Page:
Vernon Kell

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Sir Vernon Kell
Allegiance United Kingdom Flag of the United Kingdom.svg
Service MI5
Active 1909–1940
Rank Director-General of MI5
Award(s) Knight Commander of the Order of the British Empire, Companion of the Order of the Bath

Born 21 November 1873
Great Yarmouth
Died 27 March 1942(1942-03-27) (aged 68)
Nationality British
Occupation Intelligence officer, soldier

Major-General Sir Vernon George Waldegrave Kell, KBE, CB (21 November 1873 – 27 March 1942) was the founder and first Director General (DG) of the British Security Service, otherwise known as MI5. Known as K, he was described in Who's Who as "Commandant, War Department Constabulary".[1]


Born in Great Yarmouth in 1873, Kell was the son of Major Waldegrave Kell of the 38th Foot and his wife, Georgiana Augusta Konarska. She was a daughter of a Polish émigré, Alexander Konarski, a surgeon with the 1st Podhalian Rifle Regiment who had fought in the November Uprising and had been awarded the Virtuti Militari Gold Cross, by his marriage to an English wife.

After graduating from the Royal Military College, Sandhurst, Kell was commissioned into the South Staffordshire Regiment and fought in the Boxer Rebellion in 1900. He could speak German, Italian, French and Polish with equal facility, and after serving and studying in China and Russia, he learned their respective languages too. While he was on the intelligence staff in Tientsin he was also the foreign correspondent of The Daily Telegraph. He was promoted to captain in his regiment on 24 September 1901.[2]

After his return to London from China in 1902 Kell was employed to analyse German intelligence at the War Office until 1906, eventually rising to the rank of staff captain.

Rising public fears in Great Britain of German espionage precipitated the creation of a new government intelligence agency. In 1909 Kell was selected by the War Office and the Admiralty as one of two officers, alongside Mansfield Smith-Cumming, to head the newly formed Secret Service Bureau.[3] The two officers decided to divide the intelligence work, Kell taking responsibility for domestic concerns, while Cumming was to oversee foreign matters. However, their working relationship was fraught, as Cumming advocated the separation of the Bureau's work into two distinct departments. The separation took place in 1910.[4] These two distinct sections were later retitled as the Security Service and the Secret Intelligence Service (now commonly known as MI5 and MI6 respectively).

During the First World War, Kell headed MI5(g), a section dealing with the Indian seditionist movement in Europe. Among Kell's officers were ex-ICS officers Robert Nathan and H. L. Stephenson.[5] Kell also worked closely with the Special Branch of Scotland Yard, then headed by Basil Thomson, and was successful in tracing the work of Indian revolutionaries collaborating with the Germans during the war.[6]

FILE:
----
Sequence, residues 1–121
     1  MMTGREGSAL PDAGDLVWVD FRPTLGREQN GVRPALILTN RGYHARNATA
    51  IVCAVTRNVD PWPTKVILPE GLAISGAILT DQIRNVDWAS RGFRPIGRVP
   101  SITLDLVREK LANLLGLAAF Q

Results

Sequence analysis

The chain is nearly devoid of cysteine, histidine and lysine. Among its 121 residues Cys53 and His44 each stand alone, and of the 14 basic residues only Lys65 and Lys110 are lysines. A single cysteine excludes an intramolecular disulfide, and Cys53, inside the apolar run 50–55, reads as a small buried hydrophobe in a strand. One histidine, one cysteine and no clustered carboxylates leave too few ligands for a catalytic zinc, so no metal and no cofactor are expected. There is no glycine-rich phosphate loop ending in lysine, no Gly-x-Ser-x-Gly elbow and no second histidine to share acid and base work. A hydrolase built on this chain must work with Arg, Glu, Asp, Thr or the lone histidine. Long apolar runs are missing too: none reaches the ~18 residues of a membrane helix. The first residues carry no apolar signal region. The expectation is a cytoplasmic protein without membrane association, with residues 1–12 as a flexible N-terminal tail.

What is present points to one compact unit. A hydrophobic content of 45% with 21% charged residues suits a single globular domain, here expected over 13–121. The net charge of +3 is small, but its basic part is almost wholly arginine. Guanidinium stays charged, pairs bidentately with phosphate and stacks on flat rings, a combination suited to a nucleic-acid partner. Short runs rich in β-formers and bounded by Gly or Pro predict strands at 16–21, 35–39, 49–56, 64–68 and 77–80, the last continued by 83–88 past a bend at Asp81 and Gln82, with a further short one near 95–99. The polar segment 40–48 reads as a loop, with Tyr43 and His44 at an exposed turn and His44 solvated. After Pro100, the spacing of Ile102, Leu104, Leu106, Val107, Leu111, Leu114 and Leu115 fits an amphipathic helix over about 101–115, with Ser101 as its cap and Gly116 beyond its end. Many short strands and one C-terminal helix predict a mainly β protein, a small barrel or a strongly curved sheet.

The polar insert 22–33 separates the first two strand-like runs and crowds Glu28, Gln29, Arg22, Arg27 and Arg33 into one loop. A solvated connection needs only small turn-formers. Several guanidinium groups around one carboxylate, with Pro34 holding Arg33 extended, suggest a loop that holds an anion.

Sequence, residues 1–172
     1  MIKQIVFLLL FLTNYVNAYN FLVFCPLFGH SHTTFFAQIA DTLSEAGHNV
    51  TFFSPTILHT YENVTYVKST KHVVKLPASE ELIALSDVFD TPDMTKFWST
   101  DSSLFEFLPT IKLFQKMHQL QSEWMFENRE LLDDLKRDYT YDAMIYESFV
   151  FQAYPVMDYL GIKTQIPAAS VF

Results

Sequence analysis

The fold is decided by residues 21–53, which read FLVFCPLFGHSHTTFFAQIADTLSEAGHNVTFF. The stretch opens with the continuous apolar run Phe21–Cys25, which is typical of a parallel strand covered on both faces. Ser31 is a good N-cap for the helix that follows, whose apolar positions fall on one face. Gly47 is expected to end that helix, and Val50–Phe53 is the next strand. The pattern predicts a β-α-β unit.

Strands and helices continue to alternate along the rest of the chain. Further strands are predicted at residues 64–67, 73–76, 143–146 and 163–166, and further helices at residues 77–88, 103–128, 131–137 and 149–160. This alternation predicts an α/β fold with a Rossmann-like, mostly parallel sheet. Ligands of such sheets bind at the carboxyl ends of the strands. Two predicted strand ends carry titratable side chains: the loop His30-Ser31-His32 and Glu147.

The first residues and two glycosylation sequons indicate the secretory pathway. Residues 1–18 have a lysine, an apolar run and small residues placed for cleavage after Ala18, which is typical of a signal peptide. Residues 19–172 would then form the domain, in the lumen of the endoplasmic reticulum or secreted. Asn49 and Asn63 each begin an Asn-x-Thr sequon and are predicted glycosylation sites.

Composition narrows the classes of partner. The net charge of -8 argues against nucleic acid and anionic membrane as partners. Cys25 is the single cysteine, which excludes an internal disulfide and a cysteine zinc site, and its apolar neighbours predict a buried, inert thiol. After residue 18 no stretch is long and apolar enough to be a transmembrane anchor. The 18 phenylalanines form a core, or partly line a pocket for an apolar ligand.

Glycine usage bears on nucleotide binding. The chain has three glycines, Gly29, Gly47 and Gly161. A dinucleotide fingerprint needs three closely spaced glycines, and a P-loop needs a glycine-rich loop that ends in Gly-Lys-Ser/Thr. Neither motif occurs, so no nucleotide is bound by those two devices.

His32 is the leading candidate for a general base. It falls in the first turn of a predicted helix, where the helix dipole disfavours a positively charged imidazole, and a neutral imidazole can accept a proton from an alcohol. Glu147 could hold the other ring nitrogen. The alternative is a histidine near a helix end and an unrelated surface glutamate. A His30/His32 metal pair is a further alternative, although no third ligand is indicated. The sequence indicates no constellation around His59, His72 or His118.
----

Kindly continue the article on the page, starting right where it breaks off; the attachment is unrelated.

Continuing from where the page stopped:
In December 1938, having reached retirement age, Kell asked to remain in post on a year-to-year basis.[7]:218 With the onset of war, MI5 finally got the hiring and financial resources of which it had been starved for years. However, Mi5 proved unable to deploy them without confusion[7]:219 and Kell and his deputy, both in their mid-60s, got the blame. On 10 June 1940 Kell was dismissed on the instructions of Winston Churchill, after 30 years in post. He was the longest-serving head of any British government department during the 20th century.[7]:227 He was knighted for his services shortly before his death in 1942.[8]


Kell was awarded the following orders and decorations:

Popular culture[edit]

Kell was the basis for a major character in Bert Coules's radio adaptation of Arthur Conan Doyle's "His Last Bow". He was portrayed as a highly talented officer and a polyglot who had immense respect for Sherlock Holmes, claiming to have read all his publications. Kell convinces Holmes to join the war effort and to seek out the mastermind of a German espionage organisation.

Kell is depicted as an ally of a secret society of bodyguards attached to the radical women's suffrage movement in the graphic novel trilogy Suffrajitsu: Mrs. Pankhurst's Amazons (2015).

See also[edit]


  1. ^ H. Montgomery Hyde, "A matter of official secrets", The Times, 4 December 1976
  2. ^ The London Gazette: no. 27418. p. 1964. 21 March 1902.
  3. ^ Christopher Andrew, The Defence of the Realm: The Authorized History of Mi5 (London, 2009), p.21.
  4. ^ Christopher Andrew, The Defence of the Realm: The Authorized History of Mi5 (London, 2009), pp.25–27.
  5. ^ Popplewell 1995, p. 218
  6. ^ Popplewell 1995, p. 220
  7. ^ a b c Christopher Andrew, The Defence of the Realm: The Authorized History of Mi5 (London, 2009)
  8. ^
  9. ^ London Gazette 21 September 1917 p9863
  10. ^ London Gazette 25 September 1917 p9946
  11. ^ London Gazette 6 June 1919 p7426
  12. ^ Portrait photograph of Kell at Plate 1 of Christopher Andrew's Authorised History of MI5
  13. ^ Portrait photograph of Kell at Plate 1 of Christopher Andrew's Authorised History of MI5 (partly obscured)


  • Intelligence and Imperial Defence: British Intelligence and the Defence of the British Empire, by Richard James Popplewell, 1995
Government offices
Preceded by
William Melville
Director-General of MI5
Succeeded by
Brigadier 'Jasper' Harker